• Have predictable and clear consequences for breaking rules. Giving kids a heads-up is helpful (“I am going to count to three, and I need that to stop, or we will have a consequence”). The consequence should be something they don’t like — sending them to their room where they play with toys may not do the trick. “Timeout” is one option, where you put the child in a boring place for a minute for each year of age and don’t interact with them. You can also take toys or privileges away.
  • Reinforce good behavior. Say things like, “I love it when you … ” or “That was so nice that you did that!” or “Because you behaved so well today, let’s read an extra story tonight.” Children like praise and may be more likely to behave well when they see that it’s worth their while.
  • Be mindful of your own needs and reactions. Parenthood is hard. Sometimes parents need a timeout themselves. If you feel yourself getting really upset, make sure your child is somewhere safe, and then take some time to calm down.

What methods of discipline do you use for your kids and how well does it work?

Generation A: New Challenges for Parents

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Before the internet was a thing.

I am so thankful my kids were born in the late 90s and not today. Do you know why? Because we didn’t have to worry so much about screen time. We had one of those big box TVs and a VCR in the back bedroom. My biggest worry wasn’t how much time they were looking at screens, but what my son was going to “feed” it — a small toy or a peanut butter sandwich? Yes. He did that.

We allowed our kids to use the computer and they had DVDs that had educational activities that fascinated them. And they watched movies on the DVDs, too. But we didn’t have the internet back then. I didn’t have anywhere, like Facebook or Instagram, to post hundreds of pictures of them until much later! I’m sure they are thankful they were born in the 1990s for that very reason, too!

An article called Challenges of parenting “Generation A” from CBS affiliate KWCH12 in Wichita, Kansas, explains some of the fears parents have today and offer a few tips on how to deal with the challenges:

Generation A

It’s a new term to describe children who were born after 2010. They are the children of millennials. And they live in a world where smartphones and the internet have always existed.

Experts say that’s important because all the technology brings challenges for parents, including a risk of addiction.

Kids born after 2010 have phones in their faces almost immediately after they’re born. Their parents are taking pictures to post on Instagram and Facebook.

Experts warn, if you aren’t careful, that could grow into a technology addiction that makes it difficult for kids to interact with other kids.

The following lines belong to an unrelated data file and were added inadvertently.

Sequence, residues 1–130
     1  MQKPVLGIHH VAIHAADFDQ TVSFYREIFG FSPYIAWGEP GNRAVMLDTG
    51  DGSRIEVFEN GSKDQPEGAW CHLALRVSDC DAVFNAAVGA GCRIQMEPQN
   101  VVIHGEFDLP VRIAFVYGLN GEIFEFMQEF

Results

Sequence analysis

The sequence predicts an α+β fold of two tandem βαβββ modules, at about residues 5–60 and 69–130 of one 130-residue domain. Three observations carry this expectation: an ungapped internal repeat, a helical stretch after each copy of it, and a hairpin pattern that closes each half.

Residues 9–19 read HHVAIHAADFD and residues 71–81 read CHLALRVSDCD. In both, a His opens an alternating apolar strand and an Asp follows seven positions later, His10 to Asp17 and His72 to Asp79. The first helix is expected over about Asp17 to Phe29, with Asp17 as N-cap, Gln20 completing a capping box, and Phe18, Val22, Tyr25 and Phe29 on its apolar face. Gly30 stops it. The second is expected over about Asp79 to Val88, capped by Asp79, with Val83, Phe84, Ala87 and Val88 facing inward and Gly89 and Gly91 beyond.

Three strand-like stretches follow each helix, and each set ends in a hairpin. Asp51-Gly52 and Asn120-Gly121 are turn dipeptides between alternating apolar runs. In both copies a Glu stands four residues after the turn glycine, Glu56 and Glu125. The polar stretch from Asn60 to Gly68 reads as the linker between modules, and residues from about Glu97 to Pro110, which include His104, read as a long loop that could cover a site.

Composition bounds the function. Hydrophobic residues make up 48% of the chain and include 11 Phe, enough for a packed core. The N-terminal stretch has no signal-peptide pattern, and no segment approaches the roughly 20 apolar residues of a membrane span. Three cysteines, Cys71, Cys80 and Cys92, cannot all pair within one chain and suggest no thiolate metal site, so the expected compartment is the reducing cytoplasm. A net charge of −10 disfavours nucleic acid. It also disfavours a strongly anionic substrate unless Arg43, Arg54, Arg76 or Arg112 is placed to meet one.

“There is a certain type of addictive piece to playing a game, getting rewards, passing certain levels, and it’s just more fun than real life,” said Kalee Beal, who works with kids in the autism community at Heartspring.

She says now, even kids who don’t have autism are facing some of the same developmental challenges because of the technology in front of them.

I watched my toddler son become mesmerized whenever that giant purple dinosaur Barney would appear on TV. That was the only thing he seemed to be obsessed with on the screen. We also watched a ton of VCRs I’d check out from the library for free. I remember my Aunt Linda was so surprised during one of her visits. My son asked if she wanted to watch a movie with him. She was sure it would be a Disney cartoon. She was pleasantly surprised when he turned on “Meet Me in St. Louis.” After years of watching every musical the library had, my son asked me, “Mom, do they make any movies where they aren’t singing and dancing all the time?”

Here are some tips from the article about Generation A:

Beal offered some tips for parents.

First, she says technology is a great positive behavior enforcer, as long as you set limits. And, when time is up, take the device away.

She says games requiring problem-solving and strategy can be good for development, but parents should download the game and play it themselves before handing the tablet over to their children.

Parents should know if kids can chat with others through the game, which could expose them to danger.

Beal says kids are very tech savvy, and if you set up parental controls, they may find a way to disable or work around them.

She recommends looking through devices often to make sure your child didn’t tamper with safety settings.

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Back when my son would “feed” the VCR.

What do you recommend to parents of Generation A to limit screen time? Do you think too much screen time is a concern?

How Wealthy Parents Are Cheating Their Kids

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My adult kids.

Did you work part-time when you were in high school? We all did when I was growing up. My brother bagged groceries at Safeway. I worked after school and summers in my dad’s dental office. My friends picked strawberries, worked for their family businesses or at fast food places. We all worked.

Now, in contrast, how many of your children’s friends have jobs — especially if they come from families who aren’t worried about money? In an article in the Pittsburgh Post Gazette, Tim Grant wrote about the fact kids aren’t working because of sports, SAT prep classes, homework and other activities and how it’s affecting kids entering adulthood.

From helicopters to bulldozers, wealthy parents clear their children’s path

Many of the high net worth clients that Pittsburgh wealth manager Matt Helfrich has worked with over the years can trace their strong work ethics back to summer jobs and after school work they did in high school and college.